Xinjiang soldiers
Chinese soldiers march in front of the Id Kah Mosque – the country's largest – in Xinjiang ~ file photo Getty

Thousands of heavily armed police paraded the streets of China's troubled far western Xinjiang region's capital Urumqi on Monday (2 February) in their latest attempt to combat the ethnic unrest that the country blames on Islamist separatists.

Chinese authorities reportedly rolled out a rapid-response air patrol system as part of the anti-terror crackdown on radical Uighur Muslims after an apparent upsurge in violence.

The rally ended with circling helicopters and armoured vehicles and was thought to be the fourth such mass show of strength since the start of the year.

Xinjiang's Communist Party secretary Chen Quanguo told the armed police that they must realise the "grim conditions" that caused tensions in the region and posed a threat to security.

"Bury the corpses of terrorists and terror gangs in the vast sea of the people's war," Chen said, the Xinjiang government's official news site Tianshan Net reported.

According to Reuters, Chen deployed 1,500 armed forces to the "frontlines" in Hotan, Kashgar and Aksu prefectures of Xinjiang province. A few rallies had already taken place in these cities in recent weeks.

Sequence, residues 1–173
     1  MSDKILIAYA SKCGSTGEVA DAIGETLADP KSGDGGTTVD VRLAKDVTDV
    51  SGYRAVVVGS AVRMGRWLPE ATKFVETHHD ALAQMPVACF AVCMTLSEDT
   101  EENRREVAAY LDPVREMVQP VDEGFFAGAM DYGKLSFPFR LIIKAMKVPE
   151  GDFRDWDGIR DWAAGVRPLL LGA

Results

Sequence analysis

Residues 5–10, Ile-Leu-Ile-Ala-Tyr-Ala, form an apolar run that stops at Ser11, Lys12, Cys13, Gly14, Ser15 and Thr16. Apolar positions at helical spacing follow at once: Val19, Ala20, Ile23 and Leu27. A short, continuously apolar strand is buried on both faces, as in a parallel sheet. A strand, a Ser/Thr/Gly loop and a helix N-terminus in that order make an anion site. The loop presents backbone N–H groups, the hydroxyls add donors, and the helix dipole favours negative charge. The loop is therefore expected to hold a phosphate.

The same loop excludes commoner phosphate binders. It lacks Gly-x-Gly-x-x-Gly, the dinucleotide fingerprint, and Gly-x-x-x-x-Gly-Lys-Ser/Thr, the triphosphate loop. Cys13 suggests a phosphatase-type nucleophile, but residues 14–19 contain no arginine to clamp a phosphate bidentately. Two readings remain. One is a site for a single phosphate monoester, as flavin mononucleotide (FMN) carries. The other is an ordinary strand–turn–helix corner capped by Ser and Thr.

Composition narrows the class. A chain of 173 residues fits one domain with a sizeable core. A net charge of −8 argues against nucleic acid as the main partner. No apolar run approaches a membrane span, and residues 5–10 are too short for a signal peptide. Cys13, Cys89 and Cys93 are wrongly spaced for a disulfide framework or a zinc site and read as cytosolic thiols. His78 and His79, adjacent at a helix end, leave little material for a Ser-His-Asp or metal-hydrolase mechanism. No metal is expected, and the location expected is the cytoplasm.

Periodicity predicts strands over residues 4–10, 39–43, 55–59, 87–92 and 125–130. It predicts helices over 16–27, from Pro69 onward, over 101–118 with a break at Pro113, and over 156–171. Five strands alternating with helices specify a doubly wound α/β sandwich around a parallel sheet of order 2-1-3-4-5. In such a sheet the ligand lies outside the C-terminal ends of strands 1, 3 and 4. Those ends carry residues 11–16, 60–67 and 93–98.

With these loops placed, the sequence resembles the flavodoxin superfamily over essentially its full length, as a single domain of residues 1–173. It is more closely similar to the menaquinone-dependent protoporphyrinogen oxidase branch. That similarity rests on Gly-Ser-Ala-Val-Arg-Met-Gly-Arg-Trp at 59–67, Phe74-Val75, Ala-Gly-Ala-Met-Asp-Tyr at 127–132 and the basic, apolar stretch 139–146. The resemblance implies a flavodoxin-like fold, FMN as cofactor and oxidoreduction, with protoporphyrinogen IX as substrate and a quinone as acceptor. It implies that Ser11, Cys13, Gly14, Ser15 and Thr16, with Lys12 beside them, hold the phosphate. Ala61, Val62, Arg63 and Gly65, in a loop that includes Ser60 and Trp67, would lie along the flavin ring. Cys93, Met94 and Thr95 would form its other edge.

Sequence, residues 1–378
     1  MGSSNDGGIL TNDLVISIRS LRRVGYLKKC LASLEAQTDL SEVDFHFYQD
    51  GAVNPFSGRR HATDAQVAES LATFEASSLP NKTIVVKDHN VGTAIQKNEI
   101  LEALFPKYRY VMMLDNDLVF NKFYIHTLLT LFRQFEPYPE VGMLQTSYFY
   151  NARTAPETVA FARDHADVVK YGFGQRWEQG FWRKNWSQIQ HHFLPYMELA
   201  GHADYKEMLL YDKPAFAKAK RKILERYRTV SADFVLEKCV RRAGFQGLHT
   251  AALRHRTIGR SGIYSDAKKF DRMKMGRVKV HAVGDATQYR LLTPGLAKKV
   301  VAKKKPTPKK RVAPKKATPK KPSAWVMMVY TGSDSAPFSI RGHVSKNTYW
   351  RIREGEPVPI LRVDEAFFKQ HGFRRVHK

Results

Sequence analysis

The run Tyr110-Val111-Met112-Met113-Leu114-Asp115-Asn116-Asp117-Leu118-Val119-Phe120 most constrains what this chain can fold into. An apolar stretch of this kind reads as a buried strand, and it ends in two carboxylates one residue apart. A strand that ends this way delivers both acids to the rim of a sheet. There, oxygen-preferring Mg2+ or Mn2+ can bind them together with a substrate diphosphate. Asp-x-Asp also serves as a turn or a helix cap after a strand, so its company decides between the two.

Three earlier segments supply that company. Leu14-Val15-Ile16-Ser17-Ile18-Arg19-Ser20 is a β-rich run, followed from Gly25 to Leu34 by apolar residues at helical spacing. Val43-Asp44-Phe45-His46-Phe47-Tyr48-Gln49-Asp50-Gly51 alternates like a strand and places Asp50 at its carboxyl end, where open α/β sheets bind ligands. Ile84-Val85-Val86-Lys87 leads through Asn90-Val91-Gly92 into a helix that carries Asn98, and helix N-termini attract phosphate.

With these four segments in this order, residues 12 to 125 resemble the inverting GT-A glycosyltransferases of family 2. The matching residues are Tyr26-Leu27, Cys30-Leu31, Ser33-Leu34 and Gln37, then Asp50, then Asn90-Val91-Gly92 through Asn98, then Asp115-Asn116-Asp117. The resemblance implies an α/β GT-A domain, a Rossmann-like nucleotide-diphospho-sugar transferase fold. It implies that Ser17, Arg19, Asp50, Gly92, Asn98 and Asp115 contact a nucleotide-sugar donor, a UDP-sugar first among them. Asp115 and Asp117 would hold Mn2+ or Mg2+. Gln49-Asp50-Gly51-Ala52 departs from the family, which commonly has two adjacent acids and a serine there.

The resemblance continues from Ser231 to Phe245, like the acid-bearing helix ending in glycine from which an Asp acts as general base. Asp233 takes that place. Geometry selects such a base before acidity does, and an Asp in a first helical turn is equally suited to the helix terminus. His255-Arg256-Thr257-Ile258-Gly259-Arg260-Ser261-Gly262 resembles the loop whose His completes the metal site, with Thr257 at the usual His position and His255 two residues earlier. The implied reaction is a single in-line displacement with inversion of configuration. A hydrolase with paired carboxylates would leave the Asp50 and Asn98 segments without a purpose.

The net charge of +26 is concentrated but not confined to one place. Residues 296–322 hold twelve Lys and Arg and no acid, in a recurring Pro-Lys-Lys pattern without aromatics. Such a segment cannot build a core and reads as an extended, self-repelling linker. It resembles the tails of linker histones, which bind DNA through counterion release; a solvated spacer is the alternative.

As part of its series of new measures to tackle terrorism in the ethnically divided region, mandatory satellite tracking devices for vehicles have been introduced in some areas. The government has also raised the rewards for tip-offs about anti-terror activities in the province.

Xinjiang government's spending on public security is reported to have jumped 19.3% in 2016 to more than yuan 30bn (£3.5bn).

The Xinjiang region has been blighted by tensions between the Muslim Uighur population and the ethnic majority Han Chinese Reuters

The latest rally came amid the recent escalation in violence in the far-western Chinese region that is home to a majority of the ethnic Uighur Muslims. Discord between authorities and the indigenous Uighur community goes back a long way. China has often been accused of trying to suppress the Uighurs, an allegation the government has strongly denied.

Hundreds have died in Xinjiang in recent years, which the government claims is the result of unrest caused by Islamist militants and separatists. But rights groups argue that the violence is a reaction to China's alleged harsh policies.

On 14 February, at least five people died and five others were injured in a violent attack by three knife-wielding men in Hotan prefecture's Pishan county.